'Journey to Bethlehem' becomes former skeptic's evangelism tool
Crichton was an unlikely leader for her church's new outreach. Until a couple of years earlier, the suburban mom would have scoffed at the idea. She was not only a skeptic, she was an unbeliever -– and a rather vocal one.
Now, she was leading the effort to turn a Christmas pageant into an evangelism campaign. (To read an account of Chrichton's conversion story, click here.)
Crichton first had the idea for an interactive evangelistic Christmas musical while talking with her pastor, Scott Nichols. With the support of her congregation, Crossroads Community Church, she organized "Journey to Bethlehem" in 2011 and "Back to Bethlehem" in 2012, two opportunities for Crossroads members to reach out with the true meaning of Christmas to their neighbors in the western suburbs of Chicago.
Playing a part
For Crichton, the journey from skeptic to believer to active evangelist was long –- and, to her, unexpected.
"I grew up in the church and my family was very active in serving," she said. "As I grew older I was fine doing things for the church. But when it came to talking about Jesus, I thought of it almost as a taboo. I didn't want to offend anyone or tell anyone that they were wrong. I would roll my eyes when anyone would talk about 'lost people' or 'getting saved.'
"I even went to a Christian college, but all I did was play the part of a Christian," Crichton said, admitting, "I was your typical skeptic."
That was her spiritual condition when she and her husband Jason first connected with Crossroads. Jason was initially more interested in exploring the Christian faith than Katie was, so they started attending a Bible study.
"I was always asking really difficult questions," Chrichton says of her first months in the group.
Nichols agreed. In his first meeting with the couple, Katie responded to a two-hour discussion of the Gospel saying, "Pastor Scott, I know where you are going on this and I am fine with Christianity. But, I simply cannot believe all this 'Jesus is the only way' stuff. I am just not ready."
The couple persisted in attending the Bible study over the next year. And Nichols took the phone calls that resulted. "I would receive calls from the host couple asking how to handle all the questions, sometimes antagonistic, that Katie was asking."
"I read a ton of books on Christianity," Crichton said, "but I kept thinking, 'I can't accept Jesus because if I do then I'll be telling everyone else that they are wrong and I'll be exclusive.'"
"Then one Sunday morning," Nichols said, "Katie responded to the invitation and said to me, 'I am ready now!'"
A natural director
"God really used Crossroads to change my heart," Crichton said, "and I finally accepted Jesus as my Savior."
She quickly jumped into serving with her new church family. Musically gifted and a natural leader, she proved to be a great asset. "Serving has always been easy for me," she said, "but sharing the Gospel with complete strangers goes against my nature; it's something that was completely out of my comfort zone."
But when the challenge of creating a Gospel-centered Christmas program was given, Crichton soon had an idea –- and a mission.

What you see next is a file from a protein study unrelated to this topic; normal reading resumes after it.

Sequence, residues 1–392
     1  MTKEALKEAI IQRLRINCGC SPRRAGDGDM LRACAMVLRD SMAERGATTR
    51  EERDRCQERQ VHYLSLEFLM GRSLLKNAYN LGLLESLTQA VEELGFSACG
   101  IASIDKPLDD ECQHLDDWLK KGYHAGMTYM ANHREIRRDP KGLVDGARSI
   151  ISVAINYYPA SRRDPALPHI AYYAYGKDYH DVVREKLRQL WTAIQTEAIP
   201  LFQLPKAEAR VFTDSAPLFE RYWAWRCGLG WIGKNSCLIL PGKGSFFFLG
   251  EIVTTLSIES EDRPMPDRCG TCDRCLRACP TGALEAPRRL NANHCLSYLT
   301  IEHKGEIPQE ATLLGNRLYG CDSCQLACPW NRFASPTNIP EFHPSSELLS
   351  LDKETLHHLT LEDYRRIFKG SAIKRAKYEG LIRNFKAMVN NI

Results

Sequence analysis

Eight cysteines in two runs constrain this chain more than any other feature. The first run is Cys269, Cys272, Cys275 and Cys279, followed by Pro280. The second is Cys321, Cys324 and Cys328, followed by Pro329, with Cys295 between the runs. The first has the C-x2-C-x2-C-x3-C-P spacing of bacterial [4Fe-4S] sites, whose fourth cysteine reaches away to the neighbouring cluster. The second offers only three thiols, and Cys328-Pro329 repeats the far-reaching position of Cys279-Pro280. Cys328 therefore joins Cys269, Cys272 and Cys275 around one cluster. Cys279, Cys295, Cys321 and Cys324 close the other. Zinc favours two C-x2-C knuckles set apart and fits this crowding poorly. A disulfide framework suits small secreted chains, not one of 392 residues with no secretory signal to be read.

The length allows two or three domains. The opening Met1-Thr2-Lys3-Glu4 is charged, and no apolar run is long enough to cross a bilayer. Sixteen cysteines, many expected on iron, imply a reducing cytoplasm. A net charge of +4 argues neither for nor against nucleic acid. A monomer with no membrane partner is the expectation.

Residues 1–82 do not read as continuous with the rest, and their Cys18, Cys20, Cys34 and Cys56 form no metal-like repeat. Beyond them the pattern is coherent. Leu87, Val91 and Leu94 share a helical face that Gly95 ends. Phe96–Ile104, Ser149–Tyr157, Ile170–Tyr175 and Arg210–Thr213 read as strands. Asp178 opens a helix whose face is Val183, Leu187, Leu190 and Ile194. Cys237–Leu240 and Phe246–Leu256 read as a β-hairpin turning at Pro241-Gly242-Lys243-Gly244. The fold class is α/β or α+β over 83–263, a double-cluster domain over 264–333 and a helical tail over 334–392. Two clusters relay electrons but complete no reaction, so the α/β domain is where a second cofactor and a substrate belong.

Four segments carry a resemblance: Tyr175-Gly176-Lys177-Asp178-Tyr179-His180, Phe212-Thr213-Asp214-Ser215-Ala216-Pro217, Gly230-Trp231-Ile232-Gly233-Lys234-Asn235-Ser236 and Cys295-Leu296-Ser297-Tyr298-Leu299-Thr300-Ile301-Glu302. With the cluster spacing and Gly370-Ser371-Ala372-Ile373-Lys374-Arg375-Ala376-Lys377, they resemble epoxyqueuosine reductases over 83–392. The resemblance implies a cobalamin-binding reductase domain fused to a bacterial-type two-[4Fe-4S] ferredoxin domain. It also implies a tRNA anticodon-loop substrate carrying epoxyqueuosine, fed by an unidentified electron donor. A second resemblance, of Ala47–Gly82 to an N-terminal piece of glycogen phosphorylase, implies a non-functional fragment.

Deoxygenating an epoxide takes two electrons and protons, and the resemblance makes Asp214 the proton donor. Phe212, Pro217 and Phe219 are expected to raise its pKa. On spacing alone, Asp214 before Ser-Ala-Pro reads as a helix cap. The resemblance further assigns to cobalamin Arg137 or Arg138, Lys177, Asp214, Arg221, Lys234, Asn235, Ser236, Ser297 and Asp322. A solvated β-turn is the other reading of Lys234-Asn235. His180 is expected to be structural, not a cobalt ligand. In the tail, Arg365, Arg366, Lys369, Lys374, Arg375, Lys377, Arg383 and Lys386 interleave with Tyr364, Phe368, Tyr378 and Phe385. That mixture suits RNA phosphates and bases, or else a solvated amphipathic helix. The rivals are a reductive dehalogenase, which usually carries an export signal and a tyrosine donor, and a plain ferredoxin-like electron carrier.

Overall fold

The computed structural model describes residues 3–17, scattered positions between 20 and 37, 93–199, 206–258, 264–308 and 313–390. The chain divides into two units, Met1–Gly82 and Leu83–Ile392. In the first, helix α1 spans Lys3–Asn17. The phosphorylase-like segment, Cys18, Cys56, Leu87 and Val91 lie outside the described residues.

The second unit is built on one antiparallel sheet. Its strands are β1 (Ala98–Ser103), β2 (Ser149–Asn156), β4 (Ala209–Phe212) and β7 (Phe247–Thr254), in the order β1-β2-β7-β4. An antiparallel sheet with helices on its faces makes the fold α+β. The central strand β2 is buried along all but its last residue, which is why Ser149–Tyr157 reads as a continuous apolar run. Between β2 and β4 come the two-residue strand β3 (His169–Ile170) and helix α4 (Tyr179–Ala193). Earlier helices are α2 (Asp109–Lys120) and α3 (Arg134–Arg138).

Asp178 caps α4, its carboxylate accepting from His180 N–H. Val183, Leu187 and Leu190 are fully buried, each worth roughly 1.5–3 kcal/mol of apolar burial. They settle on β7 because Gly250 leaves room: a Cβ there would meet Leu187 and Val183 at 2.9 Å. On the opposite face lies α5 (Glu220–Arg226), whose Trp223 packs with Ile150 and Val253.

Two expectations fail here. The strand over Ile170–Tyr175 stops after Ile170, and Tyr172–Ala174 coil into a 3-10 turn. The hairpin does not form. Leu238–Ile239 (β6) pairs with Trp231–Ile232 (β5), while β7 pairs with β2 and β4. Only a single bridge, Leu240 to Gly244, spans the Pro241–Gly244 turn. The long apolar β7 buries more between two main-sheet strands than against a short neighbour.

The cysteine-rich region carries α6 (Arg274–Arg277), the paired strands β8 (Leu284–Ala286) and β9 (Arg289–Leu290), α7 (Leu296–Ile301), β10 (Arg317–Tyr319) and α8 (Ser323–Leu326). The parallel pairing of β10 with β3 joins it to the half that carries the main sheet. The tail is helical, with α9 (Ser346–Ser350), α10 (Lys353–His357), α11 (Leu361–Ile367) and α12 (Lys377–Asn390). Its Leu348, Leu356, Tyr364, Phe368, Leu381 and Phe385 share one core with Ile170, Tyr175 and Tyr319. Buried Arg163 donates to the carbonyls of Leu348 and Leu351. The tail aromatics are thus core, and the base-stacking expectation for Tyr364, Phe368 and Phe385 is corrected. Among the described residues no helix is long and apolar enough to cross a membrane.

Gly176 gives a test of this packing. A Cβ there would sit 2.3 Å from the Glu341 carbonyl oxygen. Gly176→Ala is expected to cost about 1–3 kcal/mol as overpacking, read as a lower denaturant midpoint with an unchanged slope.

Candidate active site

"That first year all we had was this great idea. We were so naïve about what we had to do or what it would take to pull off something like this," she said. "In the beginning stages we didn't know how we were going to afford everything.
"In my small group, I happened to mention that we were starting to plan this event. I asked for prayer that God would provide for us all that we needed."
A new couple attending the group that night directed Crichton to a source for production materials. "Amazingly, they gave us sets, props and costumes all for free. That's just an amazing example of how God provided for us," Crichton said.
Actors, singers, a production team and a supportive church also can alongside the venture to reach lost people with the Gospel.
It wasn't a typical Christmas program, worship and youth pastor Eric Marquez said. "One of the ways that we kept it intentionally focused on Gospel-sharing was by making the program interactive," he recounted. "We turned our gym into a Bethlehem marketplace. There were different booths with activities you could do, like making candles. The volunteers who were helping with those activities were talking about Christ, talking to [the visitors] about the reason for Christmas."
"It was amazing," Crichton said, "to see where I was, totally against sharing the Gospel, and now watching this evangelistic event that God used me to help bring about. There were almost 500 people that first performance. That's 500 people who got to hear the Gospel being proclaimed. I felt like all that hard work had been worth it."
People have come to Christ and to Crossroads because of the Journey to Bethlehem. "When I thanked Katie publicly the next Sunday morning," Nichols said, "I mentioned the delicious irony of her leading the largest outreach of the year at Crossroads.
"And that that outreach was all about how Jesus is the only way."
Updated from the Jan. 1, 2013, issue of the Illinois Baptist, newsjournal of the Illinois Baptist State Association. Noah Wright is a student at Boyce College in Louisville, Ky.